UI waiting to learn whether fastest computer headed their way

By The Associated Press

CHAMPAIGN, Ill. – University of Illinois officials said they still don’t know if the school will be home to a new supercomputer intended to be the world’s fastest, despite a news report saying the decision had been made.

The New York Times reported Monday that a document briefly and mistakenly posted on a federal government Web site indicated the National Science Foundation will award IBM a $200 million contract to build the computer at the university’s National Center for Supercomputing Applications.

NCSA and other supercomputing centers and state governments submitted proposals to the foundation last year to host the planned supercomputer.

The supercomputer will be the first capable of performing a thousand trillion mathematical operations a second, a coveted standard for computational speed known as a petaflop.

“What we’ve been told is that decision would be forthcoming later in the summer,” NCSA spokeswoman Trish Barker said. “Mid- to late September is the time frame that’s been mentioned.”

The Times report apparently relied on an item in an agenda of things to be considered during meetings this week by the National Science Board, the National Science Foundation’s governing board, Barker said.

The agenda posted on the board’s Web site on Tuesday included two items on “petascale” supercomputing, but no mention of the eventual location of the new supercomputer. Those items indicate they were to be considered Monday behind closed doors.

The board is meeting this week and is expected to recommend a site for the new supercomputer to the foundation, which will make the ultimate decision, board spokeswoman Ann Ferrante said.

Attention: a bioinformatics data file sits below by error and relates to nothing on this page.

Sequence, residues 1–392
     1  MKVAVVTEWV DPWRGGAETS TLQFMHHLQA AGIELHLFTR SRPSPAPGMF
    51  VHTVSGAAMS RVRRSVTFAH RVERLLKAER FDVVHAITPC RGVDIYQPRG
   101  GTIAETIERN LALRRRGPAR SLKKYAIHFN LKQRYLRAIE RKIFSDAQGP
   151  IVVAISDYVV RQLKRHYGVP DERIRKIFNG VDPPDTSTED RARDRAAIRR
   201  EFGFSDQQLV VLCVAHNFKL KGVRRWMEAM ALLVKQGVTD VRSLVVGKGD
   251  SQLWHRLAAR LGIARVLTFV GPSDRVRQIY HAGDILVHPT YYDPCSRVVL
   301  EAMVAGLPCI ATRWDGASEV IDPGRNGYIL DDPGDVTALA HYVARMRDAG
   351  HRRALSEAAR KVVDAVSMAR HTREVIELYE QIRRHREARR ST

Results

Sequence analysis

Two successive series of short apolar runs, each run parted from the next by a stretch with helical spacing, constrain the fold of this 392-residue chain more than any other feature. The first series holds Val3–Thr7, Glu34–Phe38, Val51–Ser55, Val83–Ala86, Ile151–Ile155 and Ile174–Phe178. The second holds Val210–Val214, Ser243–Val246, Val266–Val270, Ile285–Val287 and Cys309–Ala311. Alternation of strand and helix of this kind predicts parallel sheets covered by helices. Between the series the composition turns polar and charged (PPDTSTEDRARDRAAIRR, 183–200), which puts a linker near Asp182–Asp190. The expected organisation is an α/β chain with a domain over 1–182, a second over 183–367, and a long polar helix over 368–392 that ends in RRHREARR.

Supercomputers are series of computers linked together to provide greater processing power than any one machine can.

While many of the fastest are used at national laboratories for defense work, those found at universities and other public institutions attract researchers who need to simulate complex problems.

Researchers are now using the NCSA’s computers in Urbana, Ill., to study everything from whether tiny flaws in silicon crystals can be used to store electronic data to the factors that influence entrepreneurial success.

NCSA’s fastest supercomputer, known as Abe, can perform 89 trillion operations a second, making it the world’s eighth-fastest.

The fastest supercomputer is IBM’s Blue Gene/L at the Lawrence Livermore National Laboratory in California. It’s capable of up to 360 trillion operations a second, or 360 teraflops. That’s about a third as fast as the new computer planned by the National Science Foundation.

Fastest, however, is usually a short-lived superlative in the supercomputing world. Scientists in Japan are working on a supercomputer expected to be capable of 10 petaflops by 2011, according to the Times article.